Within a few hours of receiving the email from Amazon about KDP Select, I had a dozen more emails from clients and associates. Not the first time we’re startled by the stark light coming from O Most Powerful Amazon.
So off we march into two general camps.
Camp 1. Amazon-Centric Authors
You’ll find me here. It’s not that I don’t want my books available in all digital readers. I do. But I have only so much time to upload, groom and market on an individual platform. They all take time. Amazon provides such robust tools for authors, I haven’t made it through all the ways I can market in their system. My books are selling well in Kindle and I need every possible remaining hour to write. At this point I have zero investment in any other platform.
Camp 2. Other Authors
Members of the other camp tell a variety of stories. They may have gotten into Smashwords, or Nook, or the iBookStore, and be very invested in one or more of those platforms. If they are established anywhere besides Kindle, it’s going to be a tough decision to remove books from platforms and make them exclusive to KDP Select.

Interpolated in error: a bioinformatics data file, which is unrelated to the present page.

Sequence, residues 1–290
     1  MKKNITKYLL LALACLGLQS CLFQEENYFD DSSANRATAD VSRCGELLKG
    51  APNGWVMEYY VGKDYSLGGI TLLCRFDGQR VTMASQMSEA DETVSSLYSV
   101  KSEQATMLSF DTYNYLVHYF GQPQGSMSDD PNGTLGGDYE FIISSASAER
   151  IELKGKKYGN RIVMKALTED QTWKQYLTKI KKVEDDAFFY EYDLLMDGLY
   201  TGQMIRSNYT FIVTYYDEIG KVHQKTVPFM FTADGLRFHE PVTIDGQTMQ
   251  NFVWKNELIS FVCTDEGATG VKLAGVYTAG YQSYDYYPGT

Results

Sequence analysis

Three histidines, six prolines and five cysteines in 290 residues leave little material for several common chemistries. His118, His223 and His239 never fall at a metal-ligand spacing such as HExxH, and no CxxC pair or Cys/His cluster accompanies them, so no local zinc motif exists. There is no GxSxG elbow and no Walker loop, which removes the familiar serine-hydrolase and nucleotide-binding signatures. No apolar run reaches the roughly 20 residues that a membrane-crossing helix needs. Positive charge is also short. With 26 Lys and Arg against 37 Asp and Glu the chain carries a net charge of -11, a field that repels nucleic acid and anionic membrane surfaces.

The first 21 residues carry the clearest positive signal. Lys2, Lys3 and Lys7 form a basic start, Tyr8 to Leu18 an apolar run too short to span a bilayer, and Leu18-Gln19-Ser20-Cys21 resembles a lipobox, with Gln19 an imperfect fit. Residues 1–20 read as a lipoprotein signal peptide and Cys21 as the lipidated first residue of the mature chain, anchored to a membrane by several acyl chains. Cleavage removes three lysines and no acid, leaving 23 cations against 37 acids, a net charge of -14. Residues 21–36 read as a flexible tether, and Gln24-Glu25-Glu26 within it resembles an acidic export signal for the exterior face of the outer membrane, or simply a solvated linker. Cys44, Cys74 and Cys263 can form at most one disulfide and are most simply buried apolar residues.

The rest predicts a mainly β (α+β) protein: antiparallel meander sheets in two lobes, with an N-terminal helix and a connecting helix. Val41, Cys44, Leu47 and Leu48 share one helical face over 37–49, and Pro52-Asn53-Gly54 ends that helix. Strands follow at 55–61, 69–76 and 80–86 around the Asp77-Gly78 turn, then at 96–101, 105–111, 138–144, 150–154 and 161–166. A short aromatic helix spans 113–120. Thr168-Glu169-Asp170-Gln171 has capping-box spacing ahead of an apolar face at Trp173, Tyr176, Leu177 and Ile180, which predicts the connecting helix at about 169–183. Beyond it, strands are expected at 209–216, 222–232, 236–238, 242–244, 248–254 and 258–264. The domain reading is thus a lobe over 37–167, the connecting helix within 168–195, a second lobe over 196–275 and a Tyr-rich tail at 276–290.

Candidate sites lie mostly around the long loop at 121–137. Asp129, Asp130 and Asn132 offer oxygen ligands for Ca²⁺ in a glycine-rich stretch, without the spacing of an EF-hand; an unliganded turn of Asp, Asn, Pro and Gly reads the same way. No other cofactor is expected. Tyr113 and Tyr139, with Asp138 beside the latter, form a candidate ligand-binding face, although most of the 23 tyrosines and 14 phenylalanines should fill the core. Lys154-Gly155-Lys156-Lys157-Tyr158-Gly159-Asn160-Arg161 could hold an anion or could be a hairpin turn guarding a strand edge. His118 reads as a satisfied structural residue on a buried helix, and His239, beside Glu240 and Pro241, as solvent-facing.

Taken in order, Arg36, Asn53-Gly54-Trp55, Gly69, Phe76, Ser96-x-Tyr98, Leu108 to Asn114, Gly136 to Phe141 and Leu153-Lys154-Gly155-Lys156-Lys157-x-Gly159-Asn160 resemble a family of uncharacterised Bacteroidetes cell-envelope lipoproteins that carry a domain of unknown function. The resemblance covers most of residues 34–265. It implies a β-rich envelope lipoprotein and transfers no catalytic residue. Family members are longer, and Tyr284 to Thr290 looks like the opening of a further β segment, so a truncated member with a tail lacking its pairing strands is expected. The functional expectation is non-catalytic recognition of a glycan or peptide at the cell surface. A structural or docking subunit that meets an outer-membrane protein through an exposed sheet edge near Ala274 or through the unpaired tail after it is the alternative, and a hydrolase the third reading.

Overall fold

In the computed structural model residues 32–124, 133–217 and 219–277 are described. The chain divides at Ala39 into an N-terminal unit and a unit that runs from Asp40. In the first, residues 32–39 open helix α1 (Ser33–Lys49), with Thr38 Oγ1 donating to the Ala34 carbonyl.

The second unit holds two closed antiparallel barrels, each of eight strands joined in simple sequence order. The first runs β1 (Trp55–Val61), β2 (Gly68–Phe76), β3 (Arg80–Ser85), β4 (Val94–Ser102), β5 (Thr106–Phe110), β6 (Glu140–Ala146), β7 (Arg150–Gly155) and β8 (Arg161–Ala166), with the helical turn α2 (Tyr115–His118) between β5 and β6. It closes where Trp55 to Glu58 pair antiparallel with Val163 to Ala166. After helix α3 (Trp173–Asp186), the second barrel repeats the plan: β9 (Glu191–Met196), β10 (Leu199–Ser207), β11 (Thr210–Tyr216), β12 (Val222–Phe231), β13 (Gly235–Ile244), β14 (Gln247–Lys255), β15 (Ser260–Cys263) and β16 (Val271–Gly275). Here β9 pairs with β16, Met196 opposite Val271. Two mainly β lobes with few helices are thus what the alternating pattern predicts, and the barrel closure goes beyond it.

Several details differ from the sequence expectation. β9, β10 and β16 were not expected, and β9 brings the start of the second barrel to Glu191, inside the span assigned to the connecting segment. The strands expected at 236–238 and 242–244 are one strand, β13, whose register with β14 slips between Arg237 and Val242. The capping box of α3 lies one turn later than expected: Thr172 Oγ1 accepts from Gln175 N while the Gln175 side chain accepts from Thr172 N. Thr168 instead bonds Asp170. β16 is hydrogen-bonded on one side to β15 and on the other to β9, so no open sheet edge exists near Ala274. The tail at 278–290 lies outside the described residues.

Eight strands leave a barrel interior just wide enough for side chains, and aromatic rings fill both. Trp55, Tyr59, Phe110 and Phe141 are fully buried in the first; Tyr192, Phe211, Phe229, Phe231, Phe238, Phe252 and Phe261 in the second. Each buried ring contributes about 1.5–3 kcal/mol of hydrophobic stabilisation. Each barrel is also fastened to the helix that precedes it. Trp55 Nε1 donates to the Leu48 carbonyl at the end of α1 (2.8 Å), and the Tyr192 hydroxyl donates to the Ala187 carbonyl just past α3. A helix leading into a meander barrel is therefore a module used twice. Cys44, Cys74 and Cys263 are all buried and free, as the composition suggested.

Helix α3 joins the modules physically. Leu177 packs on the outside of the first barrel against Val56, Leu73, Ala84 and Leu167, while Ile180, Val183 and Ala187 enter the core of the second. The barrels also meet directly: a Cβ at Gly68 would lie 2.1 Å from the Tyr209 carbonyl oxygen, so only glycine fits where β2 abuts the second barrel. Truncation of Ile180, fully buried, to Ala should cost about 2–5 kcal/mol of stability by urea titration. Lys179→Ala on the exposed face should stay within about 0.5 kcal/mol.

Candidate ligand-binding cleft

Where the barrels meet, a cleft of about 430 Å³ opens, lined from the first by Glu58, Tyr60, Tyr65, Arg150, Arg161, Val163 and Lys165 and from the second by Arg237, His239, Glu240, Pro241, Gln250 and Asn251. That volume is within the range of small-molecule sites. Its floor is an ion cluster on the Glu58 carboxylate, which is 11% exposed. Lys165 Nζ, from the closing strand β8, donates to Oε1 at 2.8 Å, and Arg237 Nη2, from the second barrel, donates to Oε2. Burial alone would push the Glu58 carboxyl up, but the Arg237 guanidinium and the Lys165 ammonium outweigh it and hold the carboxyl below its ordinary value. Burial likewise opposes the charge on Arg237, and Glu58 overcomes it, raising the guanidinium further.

What I Did and Why
As soon as I grokked what Amazon was offering, I went straight to PubIt (that’s Nook) and removed the two books I had managed to load there. That took a big three minutes including taking a look at my sales record which, of course, was still at “zero” since I have not had time to groom or market for the Nook.
For 90 days I am more than glad to experiment. Do you get that the half a million dollars set aside for December is divvied out among the authors who participate in KDP Select? This is the first 90 day window. There will never be fewer authors participating than there are right now. I hope you don’t do what I did. Get it?
We’ll see how all this lending goes. Yes, there are huge ramifications floating in the Amazon-colored sky. What is happening to the whole lending system? I grew up in Carnegie libraries. What about Amazon’s ever-growing clout in publishing? Sure, it’s dangerous ground. Eyes wide open. Amazon is formidable and doesn’t seem to care much about rules. For now, however, they need authors, so I’m being fed well at the table of giants.
It’s the same challenge in every corner, people. To thrive today as authors, we need to be intrepid experimenters. We need to keep our eyes on our readership and our hearts in the next (ever better) book. As a lifelong writer, my experimental time and energy is going to the place where I find the biggest readership and the most respectable royalties. And for both of those, I say it’s about time.
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